Cybersecurity Monsters That Are Truly Terrifying
October, traditionally associated with monsters, ghosts, and pumpkins, has also become a month of reflection on digital dangers and the importance of good practices by individuals and organizations within cyberspace. In the second quarter of 2023 alone, for instance, the global cybersecurity technology market saw an annual growth of 11.6%, reaching $19 billion, according to Canalys – a world leader in market analysis for the tech sector.
With such data and because I work with Information Management and Business Processes, I know that these digital monsters are far scarier than any Halloween costume. But I also know that once understood and prevented, they can be effectively combated. Let’s see:
- The Ghost of Missing Data: This entity not only steals data but makes it disappear, become corrupted, or altered. And here, malware attacks, namely adware (infected advertisements) and ransomware (data ransom for encrypted data through payment), are just the tip of the iceberg! We can add inconsistencies in networks, unauthorized attempts to access internal resources, compromised accounts, and attempts at data cloning, among other activities. To avoid this monster, ensure regular backups, implement intrusion detection systems, and constantly monitor data access. Data encryption and cryptography can be essential measures.
- The Zombie of Weak Passwords: This monster has a special fondness for passwords with birth dates or simple numerical sequences like 1234, and the damage it causes can range from data theft to altering server configurations. With the advent of increasingly sophisticated cracking tools, even passwords that seem strong can be vulnerable. Protect yourself from this monster with two-factor authentication systems, promote employee training on the importance of strong passwords (combining uppercase and lowercase letters, numbers, and symbols), and perform regular security audits to identify potential vulnerabilities.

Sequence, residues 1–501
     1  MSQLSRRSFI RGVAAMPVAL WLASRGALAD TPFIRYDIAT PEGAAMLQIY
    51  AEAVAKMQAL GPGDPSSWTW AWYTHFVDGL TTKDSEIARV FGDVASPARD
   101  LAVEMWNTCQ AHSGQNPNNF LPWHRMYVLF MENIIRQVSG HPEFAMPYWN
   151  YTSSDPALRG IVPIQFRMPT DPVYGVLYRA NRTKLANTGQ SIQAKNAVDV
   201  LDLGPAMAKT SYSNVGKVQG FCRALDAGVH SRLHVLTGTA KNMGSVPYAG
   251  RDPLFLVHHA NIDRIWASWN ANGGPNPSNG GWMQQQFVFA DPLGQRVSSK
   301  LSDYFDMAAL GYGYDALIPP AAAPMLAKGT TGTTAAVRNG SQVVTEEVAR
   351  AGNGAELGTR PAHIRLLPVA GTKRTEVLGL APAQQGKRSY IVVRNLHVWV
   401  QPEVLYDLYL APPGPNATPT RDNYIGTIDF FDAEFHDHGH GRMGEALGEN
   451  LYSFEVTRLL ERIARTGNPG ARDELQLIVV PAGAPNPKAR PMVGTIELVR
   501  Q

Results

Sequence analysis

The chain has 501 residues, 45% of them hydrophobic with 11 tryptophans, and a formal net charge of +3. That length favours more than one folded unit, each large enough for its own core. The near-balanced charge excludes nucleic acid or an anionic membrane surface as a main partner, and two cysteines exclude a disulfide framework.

- The Vampire of Phishing: This being has evolved in the way it lures and sucks in its victims. It doesn’t limit itself to emails but also uses text messages, social networks, and phone calls. With malicious intentions disguised as friendly messages, this monster tries to impersonate another person or entity to distribute malicious/fraudulent attachments or links. These links and attachments can execute improper actions on servers or extract information from the accounts and login credentials of the victims. To combat this threat, it’s crucial to promote regular awareness activities, implement email filtering solutions, and monitor web traffic to identify and prevent phishing attempts.
- The Werewolf of Vulnerable Software: Whenever it encounters a legacy system, applications, outdated technologies, or those with hidden vulnerabilities, this monster howls repeatedly, causing code errors and system breaches that affect user productivity and increase the potential for cyberattacks. This monster doesn’t limit itself to PCs and laptops; it also attacks IoT devices, servers, and even industrial control systems. Therefore, it is important to implement a rigorous policy of updating and patching to fix bugs, add features or resources, and continuously improve the overall performance of systems.
- The Witch of Insecure Networks, Pages, and Devices: She loves to fly over public Wi-Fi networks but also strolls through poorly configured VPNs, websites without HTTPS, devices not authorized by the organization, and insecure network connections in corporate environments. Escape her by avoiding public networks and implementing robust security solutions that include next-generation firewalls, updated antivirus software, PINs, and/or two-factor authentication. Always keep your devices up-to-date and be cautious when sharing sensitive information, especially on unknown networks, social media, or suspicious web pages.
- The Mummy of Ignorance: One of the worst threats is the lack of training, awareness, and preparation of employees in the domain of cybersecurity best practices and the proper use of available tools and software. There is also some ignorance about current legislation, as well as the rights and obligations associated with data management and protection, which can lead to serious compliance failures and potential sanctions for the organization. This gap allows many professionals to become entry points for threats and attacks by this monster, in the form of clicks on suspicious links, downloads of malicious software, or even exposure to industrial espionage risks due to lack of protection and confidentiality of vital information.
All these monsters are very real and constantly evolving. However, with knowledge, preparation, and the right tools, we can face them and ensure a digital environment that adheres to four essential values applied to data: confidentiality, availability, integrity, and authenticity.
Identifying vulnerabilities, creating asset inventories, and categorizing them according to the degree of risk becomes crucial to direct any kind of investment in security. This strategy also serves as a foundation for organizations to develop effective response plans for themselves and their stakeholders in attack situations.
*Article originally published in IT Security.